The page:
The armature CML presented in this paper differs from older designs in two ways: 1) The use of a generator field current regulator 2) The implementation of a stiffer CML control algorithm. It will be shown that the small signal response of the rotating CML described in this paper (Fig. 3.) is very similar to that of a static CML with a bandwidth of 50 - 100 [rad/sec]. Because of this, DC static drive speed loop design strategies may be utilized including backlash compensation, inertia compensation, and frictional loss compensation. The net result is a significant improvement in speed loop bandwidth and tracking. In the case of the 5 stand cold rolling mill at Inland Steel the higher bandwidth of the CML and the resulting improvement in speed loop response (around 12 - 15 [rad/sec]) combined to produce a significant reduction in scrap along with improved AGC regulation.

The MG-Set CML regulation scheme in Fig. 3 and its associated tuning algorithm are described in section 2. In the application at Inland Steel an additional complication includes a 12 pulse DC bridge that is wired in parallel with each MG-Set armature and supplies additional armature current during mill acceleration and rolling. Because the bridge is non-regenerative it does not contribute to armature current during deceleration. As a consequence of these differing operating conditions, a scheme was implemented to ensure a stable sharing and transferring of load between the MG-Set and the 12 pulse bridge as a function of the magnitude and sign of the current reference. This scheme is described in section 3. In section 4 a simulation of one stand from the cold rolling mill at Inland Steel is compared to results obtained on-site. Section 5 closes with some observations and conclusions.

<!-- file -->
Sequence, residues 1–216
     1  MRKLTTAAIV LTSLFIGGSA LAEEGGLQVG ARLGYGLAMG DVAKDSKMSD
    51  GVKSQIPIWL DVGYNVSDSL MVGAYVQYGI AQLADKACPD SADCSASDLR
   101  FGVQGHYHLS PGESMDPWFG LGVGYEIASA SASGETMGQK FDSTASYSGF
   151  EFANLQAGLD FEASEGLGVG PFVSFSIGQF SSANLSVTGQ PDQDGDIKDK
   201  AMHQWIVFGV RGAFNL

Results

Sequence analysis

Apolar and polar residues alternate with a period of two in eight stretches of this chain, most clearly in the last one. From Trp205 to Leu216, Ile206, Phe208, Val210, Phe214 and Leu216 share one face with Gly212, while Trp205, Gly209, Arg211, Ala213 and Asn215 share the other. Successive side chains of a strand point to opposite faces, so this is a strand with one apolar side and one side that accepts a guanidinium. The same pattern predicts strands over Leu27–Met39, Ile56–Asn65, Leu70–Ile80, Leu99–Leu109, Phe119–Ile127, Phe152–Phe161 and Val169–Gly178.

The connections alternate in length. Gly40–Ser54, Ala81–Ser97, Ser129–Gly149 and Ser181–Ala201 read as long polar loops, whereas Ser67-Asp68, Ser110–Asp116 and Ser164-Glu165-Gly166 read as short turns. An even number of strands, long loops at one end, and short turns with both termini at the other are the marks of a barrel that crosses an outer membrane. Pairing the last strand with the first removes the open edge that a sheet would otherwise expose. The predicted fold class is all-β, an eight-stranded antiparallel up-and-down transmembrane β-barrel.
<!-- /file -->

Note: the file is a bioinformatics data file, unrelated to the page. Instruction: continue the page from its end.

Figure 3. Armature Current Controlled MG - Set

2. MG-SET CML REGULATION SCHEME

2.1 BACKGROUND:

Recently, mill-model based closed loop AGC control algorithms have been installed in rolling mills. These algorithms require speed loop bandwidths in the range of 10 to 25 [rad/sec] to realize significant improvements in gauge control. Speed reference tracking of each stand in the mill must be approximately equal to minimize disturbances to the AGC during line accelerations and decelerations. With these requirements in mind the following control algorithm was developed for MG-Set applications.

RESULT SUMMARY

Fig. 16 presents simulated 100 - 125 [rpm] speed step responses of mill stand No. 4. The Speed loop was tuned for a 12 [rad/sec] response. For both the locked rotor CML step responses and the speed step responses there was good agreement between the responses from the model and the responses obtained on-site.

Figure 16. Simulated 25 [rpm] Speed Step Response

5. CONCLUSIONS

A Significant improvement in speed loop response in solid frame MG set mill stands can be achieved by implementing a high bandwidth armature current loop. The CML implementation differs from previous designs in that; 1) A loop is closed around generator shunt field current, 2) A combination of feedback forcing and lead pre-filtering is used to provide robustness in the MG-Set CML. The effectiveness of the design is contingent on the generator FML providing some form of compensation for eddy current effects in the generator.